Drawing the natural world

Tablet and insect

A few weeks ago I attended a NESCBWI workshop on drawing animals, which took place at the Edna Lawrence Nature Lab at the Rhode Island School of Design. The lab is an amazing place, a huge room filled with preserved animals, insects, fish, fossils, seeds, stones — a virtual survey of the natural world. For this particular event there were also several live animals brought in, including a huge tortoise, a ferret, and a parrot.

Most of the afternoon was spent drawing, and people wandered freely about, drawing whichever animals interested them. The entire room, with its ceiling-high glass cabinets and boxes of specimens, had the feeling of a 19th Century naturalist’s study, and one could imagine Darwin walking through the door at any moment.

Animal at the nature labAs an artist who loves animals, I found the preserved animals unnerving and fascinating at the same time. You feel a mixture of awe, curiosity, sympathy, and connection with the once-living creatures, you wonder where they came from, what kind of life they led. There is a long history of artists drawing deceased animals, from Leonardo to Audubon. You can observe an amazing amount of detail from such close observation, though the drawback is that the drawing often ends up as lifeless as its subject.

The whole day was very inspiring, and seeing so much of the natural world crammed into one room really makes you think about how much is alive all around us, and how everything is connected. Hopefully these kind of creatures will remain alive and healthy in the wild, so that nature centers like this don’t become the only places to find them.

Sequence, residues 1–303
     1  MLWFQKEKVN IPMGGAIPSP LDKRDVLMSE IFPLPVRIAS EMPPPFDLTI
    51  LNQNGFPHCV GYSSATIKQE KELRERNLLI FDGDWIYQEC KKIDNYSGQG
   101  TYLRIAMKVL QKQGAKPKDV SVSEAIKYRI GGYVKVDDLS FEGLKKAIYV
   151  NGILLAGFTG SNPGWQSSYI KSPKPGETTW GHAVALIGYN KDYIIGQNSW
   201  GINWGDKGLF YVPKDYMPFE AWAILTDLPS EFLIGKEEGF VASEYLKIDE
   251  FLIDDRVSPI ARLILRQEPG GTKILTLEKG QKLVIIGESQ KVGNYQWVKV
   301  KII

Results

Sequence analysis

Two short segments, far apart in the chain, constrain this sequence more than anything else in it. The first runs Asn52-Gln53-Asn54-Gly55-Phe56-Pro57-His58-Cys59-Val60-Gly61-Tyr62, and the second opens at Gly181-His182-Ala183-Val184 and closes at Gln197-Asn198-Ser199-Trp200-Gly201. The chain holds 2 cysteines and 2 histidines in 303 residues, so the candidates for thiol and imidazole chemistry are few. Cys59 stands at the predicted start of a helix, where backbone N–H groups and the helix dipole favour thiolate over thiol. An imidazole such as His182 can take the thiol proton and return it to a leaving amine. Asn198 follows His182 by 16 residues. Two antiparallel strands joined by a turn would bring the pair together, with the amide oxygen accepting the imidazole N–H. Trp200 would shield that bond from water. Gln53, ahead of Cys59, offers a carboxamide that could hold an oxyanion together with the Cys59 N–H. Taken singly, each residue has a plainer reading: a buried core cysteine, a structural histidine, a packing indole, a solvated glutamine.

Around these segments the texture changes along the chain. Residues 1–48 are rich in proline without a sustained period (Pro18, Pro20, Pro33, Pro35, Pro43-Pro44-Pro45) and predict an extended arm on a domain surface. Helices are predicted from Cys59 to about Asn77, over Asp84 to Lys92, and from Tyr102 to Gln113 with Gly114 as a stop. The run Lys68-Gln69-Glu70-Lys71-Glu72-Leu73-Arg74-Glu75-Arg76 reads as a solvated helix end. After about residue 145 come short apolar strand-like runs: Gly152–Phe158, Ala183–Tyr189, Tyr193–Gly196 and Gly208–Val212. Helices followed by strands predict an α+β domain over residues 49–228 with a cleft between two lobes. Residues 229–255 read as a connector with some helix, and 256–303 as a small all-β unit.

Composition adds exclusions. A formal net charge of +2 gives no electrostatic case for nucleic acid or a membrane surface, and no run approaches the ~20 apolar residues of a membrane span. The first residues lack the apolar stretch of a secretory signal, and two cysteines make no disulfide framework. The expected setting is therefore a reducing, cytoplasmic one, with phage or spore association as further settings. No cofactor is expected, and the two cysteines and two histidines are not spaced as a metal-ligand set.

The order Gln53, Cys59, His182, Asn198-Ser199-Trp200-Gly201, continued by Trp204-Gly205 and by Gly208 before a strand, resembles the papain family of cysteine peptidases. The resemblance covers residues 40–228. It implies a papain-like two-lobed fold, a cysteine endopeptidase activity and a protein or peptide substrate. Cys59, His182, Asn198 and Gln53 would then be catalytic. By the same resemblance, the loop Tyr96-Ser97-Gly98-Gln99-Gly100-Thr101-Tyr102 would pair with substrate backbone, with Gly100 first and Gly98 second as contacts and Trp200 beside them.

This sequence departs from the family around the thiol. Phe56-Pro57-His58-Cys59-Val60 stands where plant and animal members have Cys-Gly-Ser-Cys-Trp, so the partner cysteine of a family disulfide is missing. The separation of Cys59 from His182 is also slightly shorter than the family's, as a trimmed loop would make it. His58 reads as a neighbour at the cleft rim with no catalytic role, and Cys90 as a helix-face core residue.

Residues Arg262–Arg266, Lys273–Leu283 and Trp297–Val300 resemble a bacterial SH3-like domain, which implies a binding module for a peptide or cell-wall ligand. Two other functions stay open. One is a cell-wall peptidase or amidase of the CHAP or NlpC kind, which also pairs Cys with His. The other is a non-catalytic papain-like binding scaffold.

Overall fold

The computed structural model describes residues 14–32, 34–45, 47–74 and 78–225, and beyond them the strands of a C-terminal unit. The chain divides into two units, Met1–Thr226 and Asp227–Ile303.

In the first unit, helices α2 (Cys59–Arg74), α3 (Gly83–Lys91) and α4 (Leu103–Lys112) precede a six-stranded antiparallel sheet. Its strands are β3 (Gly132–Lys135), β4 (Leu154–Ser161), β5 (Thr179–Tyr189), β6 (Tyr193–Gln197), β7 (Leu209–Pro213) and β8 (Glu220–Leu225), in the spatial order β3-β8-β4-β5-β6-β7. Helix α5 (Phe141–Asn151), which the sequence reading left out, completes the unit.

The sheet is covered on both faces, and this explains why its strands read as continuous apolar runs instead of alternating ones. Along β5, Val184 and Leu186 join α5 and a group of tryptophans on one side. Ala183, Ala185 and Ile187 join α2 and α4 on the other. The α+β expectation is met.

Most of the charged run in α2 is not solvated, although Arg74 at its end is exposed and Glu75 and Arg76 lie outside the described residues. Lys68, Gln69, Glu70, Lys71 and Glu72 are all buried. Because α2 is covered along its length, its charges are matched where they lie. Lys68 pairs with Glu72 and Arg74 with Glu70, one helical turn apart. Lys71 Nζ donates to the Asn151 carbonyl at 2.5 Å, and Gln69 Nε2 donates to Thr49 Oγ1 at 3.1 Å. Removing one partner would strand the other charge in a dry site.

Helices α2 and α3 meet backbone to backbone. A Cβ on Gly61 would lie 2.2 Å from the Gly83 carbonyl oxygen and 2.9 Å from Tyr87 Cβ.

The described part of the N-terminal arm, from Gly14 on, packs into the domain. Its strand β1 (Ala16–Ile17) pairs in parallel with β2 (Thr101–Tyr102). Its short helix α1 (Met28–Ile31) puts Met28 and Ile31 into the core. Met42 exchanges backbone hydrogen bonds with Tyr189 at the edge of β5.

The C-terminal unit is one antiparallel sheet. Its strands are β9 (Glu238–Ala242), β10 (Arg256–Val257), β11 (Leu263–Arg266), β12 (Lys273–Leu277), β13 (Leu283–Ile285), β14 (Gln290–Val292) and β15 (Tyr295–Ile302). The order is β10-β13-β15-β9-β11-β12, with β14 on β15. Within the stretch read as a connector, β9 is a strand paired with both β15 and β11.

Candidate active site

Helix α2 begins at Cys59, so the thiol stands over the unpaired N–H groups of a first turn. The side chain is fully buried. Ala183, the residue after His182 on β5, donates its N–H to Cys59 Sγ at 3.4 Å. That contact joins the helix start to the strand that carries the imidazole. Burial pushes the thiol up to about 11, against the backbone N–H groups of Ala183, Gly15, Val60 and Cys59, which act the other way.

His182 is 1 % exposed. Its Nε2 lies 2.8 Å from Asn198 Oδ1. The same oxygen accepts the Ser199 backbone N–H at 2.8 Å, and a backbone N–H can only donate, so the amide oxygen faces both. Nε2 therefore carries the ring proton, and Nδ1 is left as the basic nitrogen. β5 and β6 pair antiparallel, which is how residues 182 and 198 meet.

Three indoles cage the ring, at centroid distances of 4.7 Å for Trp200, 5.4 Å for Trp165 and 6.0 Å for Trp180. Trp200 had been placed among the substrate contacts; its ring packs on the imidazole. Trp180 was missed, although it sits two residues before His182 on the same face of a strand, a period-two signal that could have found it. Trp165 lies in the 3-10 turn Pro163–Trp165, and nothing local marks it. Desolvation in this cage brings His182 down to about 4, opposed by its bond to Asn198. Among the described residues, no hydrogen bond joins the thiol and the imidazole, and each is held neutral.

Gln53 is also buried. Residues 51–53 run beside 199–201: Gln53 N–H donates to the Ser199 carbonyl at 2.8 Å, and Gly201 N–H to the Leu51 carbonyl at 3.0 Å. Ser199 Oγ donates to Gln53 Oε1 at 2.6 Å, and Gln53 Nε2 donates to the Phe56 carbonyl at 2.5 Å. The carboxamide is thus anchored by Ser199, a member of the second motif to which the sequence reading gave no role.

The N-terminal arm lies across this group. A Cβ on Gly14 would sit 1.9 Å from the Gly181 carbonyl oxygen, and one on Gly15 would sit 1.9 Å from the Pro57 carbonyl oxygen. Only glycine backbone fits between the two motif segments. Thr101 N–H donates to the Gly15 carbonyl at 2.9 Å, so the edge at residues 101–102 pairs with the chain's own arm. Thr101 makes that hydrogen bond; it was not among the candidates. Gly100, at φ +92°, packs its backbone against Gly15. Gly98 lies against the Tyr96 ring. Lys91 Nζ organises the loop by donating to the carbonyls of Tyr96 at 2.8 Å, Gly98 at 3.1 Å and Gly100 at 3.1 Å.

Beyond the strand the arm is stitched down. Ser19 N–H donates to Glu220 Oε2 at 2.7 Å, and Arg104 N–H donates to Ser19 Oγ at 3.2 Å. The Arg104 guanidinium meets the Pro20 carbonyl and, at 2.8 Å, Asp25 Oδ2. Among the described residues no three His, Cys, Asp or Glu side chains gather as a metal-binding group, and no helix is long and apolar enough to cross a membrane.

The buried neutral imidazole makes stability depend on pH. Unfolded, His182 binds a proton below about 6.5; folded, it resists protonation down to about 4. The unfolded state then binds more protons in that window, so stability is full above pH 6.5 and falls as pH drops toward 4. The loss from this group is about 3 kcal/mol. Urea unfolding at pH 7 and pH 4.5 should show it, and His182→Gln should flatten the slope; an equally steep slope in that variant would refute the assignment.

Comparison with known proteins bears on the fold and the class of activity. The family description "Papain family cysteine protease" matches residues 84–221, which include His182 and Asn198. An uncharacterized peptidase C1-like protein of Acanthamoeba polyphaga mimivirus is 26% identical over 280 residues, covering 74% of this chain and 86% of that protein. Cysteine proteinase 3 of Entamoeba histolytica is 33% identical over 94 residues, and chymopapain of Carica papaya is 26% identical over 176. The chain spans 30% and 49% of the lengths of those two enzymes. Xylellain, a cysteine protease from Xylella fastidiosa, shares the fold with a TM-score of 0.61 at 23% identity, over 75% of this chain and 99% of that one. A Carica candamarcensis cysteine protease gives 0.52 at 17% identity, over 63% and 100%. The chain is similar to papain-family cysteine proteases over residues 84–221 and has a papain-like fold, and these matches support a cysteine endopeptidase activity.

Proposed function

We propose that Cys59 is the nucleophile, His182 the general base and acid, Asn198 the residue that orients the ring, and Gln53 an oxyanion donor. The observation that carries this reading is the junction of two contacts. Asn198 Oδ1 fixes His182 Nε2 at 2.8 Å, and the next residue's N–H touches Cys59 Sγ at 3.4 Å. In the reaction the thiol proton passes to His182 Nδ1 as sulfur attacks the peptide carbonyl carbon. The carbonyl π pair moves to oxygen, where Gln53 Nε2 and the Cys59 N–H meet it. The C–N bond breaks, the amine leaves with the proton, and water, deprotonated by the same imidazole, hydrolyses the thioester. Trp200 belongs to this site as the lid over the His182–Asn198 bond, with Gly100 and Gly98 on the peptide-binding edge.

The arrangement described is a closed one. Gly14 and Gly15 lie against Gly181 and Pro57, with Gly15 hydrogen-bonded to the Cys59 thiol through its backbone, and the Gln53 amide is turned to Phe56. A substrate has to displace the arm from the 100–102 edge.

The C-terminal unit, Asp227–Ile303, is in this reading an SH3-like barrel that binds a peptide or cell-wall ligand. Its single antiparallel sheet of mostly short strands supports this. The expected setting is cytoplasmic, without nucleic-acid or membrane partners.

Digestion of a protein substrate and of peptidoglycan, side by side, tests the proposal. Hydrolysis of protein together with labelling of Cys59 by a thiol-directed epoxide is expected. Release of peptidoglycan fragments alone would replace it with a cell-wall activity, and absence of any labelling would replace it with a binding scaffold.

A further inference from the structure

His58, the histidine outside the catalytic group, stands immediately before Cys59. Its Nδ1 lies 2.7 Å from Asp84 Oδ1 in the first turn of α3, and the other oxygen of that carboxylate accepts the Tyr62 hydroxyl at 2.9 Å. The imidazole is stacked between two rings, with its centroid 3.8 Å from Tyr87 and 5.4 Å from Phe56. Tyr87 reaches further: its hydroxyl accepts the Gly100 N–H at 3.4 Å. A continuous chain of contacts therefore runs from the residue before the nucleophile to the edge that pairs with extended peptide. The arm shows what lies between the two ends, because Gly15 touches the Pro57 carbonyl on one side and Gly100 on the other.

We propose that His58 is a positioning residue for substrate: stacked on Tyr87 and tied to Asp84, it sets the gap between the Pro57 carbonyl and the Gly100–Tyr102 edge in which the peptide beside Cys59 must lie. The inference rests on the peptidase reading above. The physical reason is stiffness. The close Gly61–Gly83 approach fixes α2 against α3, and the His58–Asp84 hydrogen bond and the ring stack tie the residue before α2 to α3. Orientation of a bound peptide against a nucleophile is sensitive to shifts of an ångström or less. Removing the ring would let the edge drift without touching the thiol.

Here are some of my photos and sketches from the day. Thanks to Christina Rodriguez for organizing such a great workshop!

insect drawings by John Lechner

stick insect drawing by John Lechner

insect drawings by John Lechner

tortoise drawing by John Lechner

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Nature Lab at RISD

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Parrot in the Nature Lab

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Ocean creatures

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Ocean creatures

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Butterfly collection

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Butterfly

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Longhorn Beetle

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Stick Insect

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Giant Tortoise

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Finally, here’s a short video taken at the end of the day – exercise time!

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6 Responses to “Drawing the natural world”

  1. Andi says:

    What a lovely way to spend a day, John! Love natural history! Lots of inspiration for you, a super fantastic post : ) Looking forward to seeing what cute little characters you create from this workshop!

    a : )

  2. jamiepeeps says:

    John, I spent my formative years in this amazing place as a student. Went back for my 30th reunion and drew again, this time for reference for my latest book, A Warmer World. Love seeing all your photos and sketches. A day well spent, and thanks for sharing such thoughtful writing about it.

    Jamie

  3. Wow, John! Your sketches are amazing! Is that a cicada above your tortoise sketch? Fantastic! Thanks for including the video, I loved that you caught that little fella’s GIANT leap off-screen! :)

  4. I’m glad you had a great time, John! It was a pleasure to meet you at last.

    Whenever I see cicadas I always flash back to VA in the summer of 2003 when Brood IX came out. There were EVERYWHERE and would dive-bomb your car as you drove.

  5. Wow! The nature lab looks amazing! What a cool experience! And your sketches are great! What a wonderful post!

  6. Abigail says:

    What an awesome resource and I really like the sketches. I’ll definitely keep an eye out for future events like that at RISD!